Trump’s clout on the line in Senate GOP primaries
Former President Trump’s grip on the Republican Party will face its biggest test in Ohio after Friday’s endorsement of J.D. Vance in a crowded GOP primary to fill the retiring Sen. Rob Portman’s (R) seat.
Trump’s endorsement has proved important in some races but has done little to boost candidates in others, making his bet on the underdog Vance a risky one.
It might not be his only risk either. Strategists and neutral political experts say Trump could also roll the dice by making endorsements in two other competitive Senate primaries in Missouri and Arizona.
After a couple of high-profile failures in Alabama and Pennsylvania, Trump appeared to be proceeding more cautiously with his picks, before Friday.
Trump plowed ahead with the endorsement despite intense lobbying from Vance’s rival, former Ohio state Treasurer Josh Mandel, and dozens of state and county officials.
Trump will visit Delaware County, Ohio, this weekend to rally voters for Vance and Max Miller, who is running for a U.S. House seat.
Vance has trailed Mandel, the front-runner, by between 5 and 20 points in recent polls and will be hoping Trump’s nod is the difference-maker.
A Republican official who requested anonymity to comment on the race noted that early voting started on April 5 and many ballots have already been cast, leaving Vance’s path to the nomination by no means easy.
“Nobody is really obviously the front-runner,” the source said.
Whoever wins the nomination will likely face Rep. Tim Ryan (D-Ohio) in the general election.
“I think his endorsement certainly tilt the race, but there is uncertainty about whether that person would go on to win,” the official said of Trump’s nod.
Republican strategists say Trump’s record in trying to influence the outcome of races in key battlegrounds could be an early test of his viability in 2024.
“Trump’s influence does have an impact in these types of races,” said Matt Dole, a GOP political consultant based in Ohio. “Ohio is one of those states where he has outsized influence inside the Republican primary in 2022.”
“I think the endorsement matters in Ohio this year and that he can carry a guy like J.D. Vance,” he added.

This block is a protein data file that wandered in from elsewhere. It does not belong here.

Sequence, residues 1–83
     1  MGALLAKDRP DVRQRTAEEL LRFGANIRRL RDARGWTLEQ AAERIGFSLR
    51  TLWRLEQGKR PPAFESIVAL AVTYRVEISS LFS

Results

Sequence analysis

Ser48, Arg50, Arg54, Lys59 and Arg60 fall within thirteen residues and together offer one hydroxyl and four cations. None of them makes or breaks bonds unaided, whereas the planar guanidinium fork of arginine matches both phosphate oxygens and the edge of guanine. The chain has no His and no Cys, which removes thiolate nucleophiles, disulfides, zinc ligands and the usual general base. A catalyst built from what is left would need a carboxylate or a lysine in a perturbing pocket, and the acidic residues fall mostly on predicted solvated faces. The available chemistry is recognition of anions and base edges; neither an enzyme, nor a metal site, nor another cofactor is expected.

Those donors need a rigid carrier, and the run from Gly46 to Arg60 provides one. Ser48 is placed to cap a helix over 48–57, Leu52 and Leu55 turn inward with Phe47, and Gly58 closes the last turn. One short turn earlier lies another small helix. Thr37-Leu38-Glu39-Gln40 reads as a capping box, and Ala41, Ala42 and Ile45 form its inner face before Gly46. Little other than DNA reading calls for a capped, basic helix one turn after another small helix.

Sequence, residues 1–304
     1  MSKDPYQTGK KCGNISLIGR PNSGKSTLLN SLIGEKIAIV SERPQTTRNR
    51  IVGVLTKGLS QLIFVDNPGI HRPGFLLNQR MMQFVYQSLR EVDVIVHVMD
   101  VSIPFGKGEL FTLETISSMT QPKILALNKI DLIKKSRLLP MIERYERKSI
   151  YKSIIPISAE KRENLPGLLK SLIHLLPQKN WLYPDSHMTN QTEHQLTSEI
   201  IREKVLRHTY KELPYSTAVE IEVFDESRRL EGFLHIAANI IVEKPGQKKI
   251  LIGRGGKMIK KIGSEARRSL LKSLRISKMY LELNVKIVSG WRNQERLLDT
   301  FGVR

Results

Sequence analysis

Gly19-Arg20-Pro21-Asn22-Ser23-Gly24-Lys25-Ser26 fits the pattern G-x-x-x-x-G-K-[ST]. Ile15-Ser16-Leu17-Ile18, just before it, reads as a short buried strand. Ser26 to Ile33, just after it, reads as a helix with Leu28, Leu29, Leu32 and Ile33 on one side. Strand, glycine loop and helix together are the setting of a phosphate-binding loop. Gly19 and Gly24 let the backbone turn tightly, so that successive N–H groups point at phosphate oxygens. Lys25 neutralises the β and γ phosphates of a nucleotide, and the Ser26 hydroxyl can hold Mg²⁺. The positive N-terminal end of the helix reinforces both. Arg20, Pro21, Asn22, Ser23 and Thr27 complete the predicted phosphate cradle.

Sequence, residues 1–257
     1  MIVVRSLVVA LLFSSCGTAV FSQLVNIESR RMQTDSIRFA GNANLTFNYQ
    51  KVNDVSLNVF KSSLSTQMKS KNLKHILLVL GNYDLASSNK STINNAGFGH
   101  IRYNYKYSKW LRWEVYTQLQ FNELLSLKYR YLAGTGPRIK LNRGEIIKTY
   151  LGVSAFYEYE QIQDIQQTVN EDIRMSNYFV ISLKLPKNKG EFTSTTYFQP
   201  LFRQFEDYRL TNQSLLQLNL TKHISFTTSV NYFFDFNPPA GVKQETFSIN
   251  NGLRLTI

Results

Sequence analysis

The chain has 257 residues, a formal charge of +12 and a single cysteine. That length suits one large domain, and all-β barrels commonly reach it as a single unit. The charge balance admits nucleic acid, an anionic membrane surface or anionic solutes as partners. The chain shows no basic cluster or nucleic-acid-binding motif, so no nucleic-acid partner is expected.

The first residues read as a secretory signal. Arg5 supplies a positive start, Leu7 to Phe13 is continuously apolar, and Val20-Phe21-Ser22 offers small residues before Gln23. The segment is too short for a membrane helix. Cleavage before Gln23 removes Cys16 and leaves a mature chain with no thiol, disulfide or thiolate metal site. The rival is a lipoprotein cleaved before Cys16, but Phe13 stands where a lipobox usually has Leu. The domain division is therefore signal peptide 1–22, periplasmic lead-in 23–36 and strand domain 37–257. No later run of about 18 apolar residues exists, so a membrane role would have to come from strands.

If Vance fails to advance to the general election, “it would signal that Trump doesn’t have an open door to the nomination in 2024 if that nomination has to run through Ohio,” Dole said.
A Trafalgar Group poll published Friday showed Mandel leading the field with 28 percent support, Vance in second place with 22.6 percent and businessman Mike Gibbons in third with 14.3 percent. A Fox News poll published in March, however, showed Vance in third place with only 9 percent support.
Trump’s endorsements of Sean Parnell in Pennsylvania and Rep. Mo Brooks (R) in Alabama backfired earlier this election cycle.
Parnell dropped out of the race after being accused of domestic abuse, and Brooks has floundered in the polls, prompting Trump to rescind his backing.
Trump’s support of Alaska Republican Kelly Tshibaka, who is challenging Sen. Lisa Murkowski (R-Alaska) in an open primary, doesn’t look promising either. Murkowski has more than six times as much cash on hand as her rival and felt comfortable enough about her reelection to vote for President Biden’s nominee to the Supreme Court.
Trump’s backing of former Sen. David Perdue (R) in the Georgia governor’s race isn’t having much impact. Incumbent Gov. Brian Kemp (R) has a commanding lead in the polls and may score a big enough victory on May 24 to avoid a runoff.
“The basic problem is he has a bad record empirically,” said Justin Buchler, a professor of political science at Case Western Reserve University in Cleveland. “The people that he endorses don’t have a particularly great winning record.”
A tally by NPR after the 2018 midterm elections found that Trump endorsed 53 winners and 36 losers in that year’s races. Trump has endorsed nearly 130 candidates in this year’s midterms.
Trump appears to have had a positive impact on candidates in North Carolina and Pennsylvania, where he has endorsed Rep. Ted Budd (R-N.C.) and celebrity doctor Mehmet Oz, respectively.
Budd is now the front-runner among North Carolina Republicans, but he has also been helped by a big advertising campaign by Club for Growth, a conservative political action committee that says it has spent $8.4 million since the start of the election cycle to boost his candidacy.